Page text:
Aleix Prat «As an oncologist, what I want is for these instruments to be available for use in our practices»
In September 2020, Dr. Aleix Prat, head of the Medical Oncology Department at the Hospital Clínic of Barcelona and tenured professor at the University of Barcelona, founded Reveal Genomics together with other researchers with whom he had been conducting research for years. This spin-off of the University of Barcelona, the Hospital Clínic of Barcelona, and the Vall d’Hebron Institute of Oncology (VHIO) was created with the aim of developing innovative diagnostic tests in the field of breast cancer.
What does Reveal Genomics do?
The mission of Reveal Genomics is to revolutionise the implementation of precision oncology. Precision oncology is an area that has been gaining momentum in recent years and is based on the use of biological data (such as blood, tumour biopsies, etc.) to help make better diagnostic and therapeutic decisions. At Reveal Genomics we combine both biological data and clinical data, such as tumour size, with bioinformatic statistical algorithms to better predict how the patient will fare with a specific treatment, whether she will have a better survival chance, etc. We base our work on an approach that has proved its feasibility for over ten years now.
On what projects is Reveal Genomics working?
Right now we are working on two major projects. The one that is further along focuses on a subset of breast cancer patients (which represents 20% of cases) and involves the so-called HER2-positive protein. These patients are currently treated in a very standardised way: lots of chemo, lots of drugs against this protein, and so on. However, our research in this area has shown that this breast cancer is highly heterogeneous biologically speaking and in terms of how it develops too. In this sense, we think that our biomarker will help to fine-tune who will need more chemo, who will need less, who will need more drugs, and to make predictions about survival, which is something for which we do not have instruments at the moment.
The other project is aimed at patients with more advanced-stage cancer and metastatic tumours for which there is currently no cure, but which we are increasingly managing to turn chronic in order to extend the survival of patients. Here we face the problem of biopsying patients’ tumours, which can sometimes be complicated. This project is at a very early stage, but the idea is to try to develop a test that allows us to conduct biopsies on blood instead of on tumours. This test will be different from what is currently out there, as our approach is very unique and, we think, can add value in this field.
How will this improve the life of patients?
It will help to improve diagnosis and, above all, it will enable oncologists to better personalise treatments. The problem we oncologists have is that we can integrate three or four pieces of data, but our brain is limited. These projects will provide tools to integrate much more data and thus help oncologists to personalise the treatment of these two types of cancer in a much more precise way. This would improve the quality of life of patients.
Are there any other centres or companies currently involved in this field?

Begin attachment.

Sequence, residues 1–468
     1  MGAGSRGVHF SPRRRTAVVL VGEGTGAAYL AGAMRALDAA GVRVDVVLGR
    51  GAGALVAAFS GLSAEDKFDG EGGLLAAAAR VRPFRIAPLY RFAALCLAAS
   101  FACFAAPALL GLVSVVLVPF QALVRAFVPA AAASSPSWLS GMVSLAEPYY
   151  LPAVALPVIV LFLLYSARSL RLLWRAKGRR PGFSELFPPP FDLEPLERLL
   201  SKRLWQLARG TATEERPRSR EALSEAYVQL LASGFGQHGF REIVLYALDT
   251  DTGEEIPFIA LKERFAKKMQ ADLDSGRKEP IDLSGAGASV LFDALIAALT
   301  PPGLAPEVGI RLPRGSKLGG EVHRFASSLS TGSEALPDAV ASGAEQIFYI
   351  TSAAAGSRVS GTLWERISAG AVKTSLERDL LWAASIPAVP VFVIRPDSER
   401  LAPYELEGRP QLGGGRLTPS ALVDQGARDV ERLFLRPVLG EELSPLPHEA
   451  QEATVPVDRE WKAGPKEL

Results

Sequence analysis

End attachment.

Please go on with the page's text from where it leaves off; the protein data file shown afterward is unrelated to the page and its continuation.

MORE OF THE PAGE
One of the first things we did was to carry out a market analysis to see what competitors we could have in the area of precision oncology, which is highly competitive in the pharmacological field, but perhaps less so in diagnostics, which is where we operate. We think our approach is quite unique thanks to our cutting-edge research and to our team, which is our true strength.
Did you ever think that you would set up a company as a researcher?
No, actually. It was Patricia Villagrasa, the current CEO of Reveal Genomics, who asked me what we should do with all the scientific production we had: whether we wanted it to sit there or whether we wanted to take a step forward. We jointly decided to embark on this initiative and take this step forward to bring precision oncology research to the clinical setting through this spin-off. I am a doctor, an oncologist, I treat patients, and what I want is for these instruments to be available for use in our practices someday. This required the creation of a company, that was the solution we found. I think that the ecosystems that have been created to help this happen ever more often are great, because research should be transferred to patients, and what better way is there for this than to involve the people who have carried out all that research?
What is the significance of knowledge transfer?
I think we have a responsibility —in my case, personally, as both a doctor and a researcher— to improve things and not just stick to what we are given. After all, we receive public funding, and I think that this should lead to something. At least, we have to try. Sometimes it is true that there comes a point where very large investments are required, and the only way to move forward is through knowledge transfer. I am convinced of this, and I encourage everyone who has something to transfer to try to do it.
More about Aleix Prat
The best invention in history
A turning point in my field was the sequencing of the human genome, which I think is what has totally energised our approach to cancer.
What would you like to see in the future?
More cures for cancer by curing more patients, but also by curing better, with more precision, which I think is just as important.
An advancement that scares you
The Internet, with both its good and bad things.
The FBG is…
The UB’s institution that carries out knowledge and technology transfer.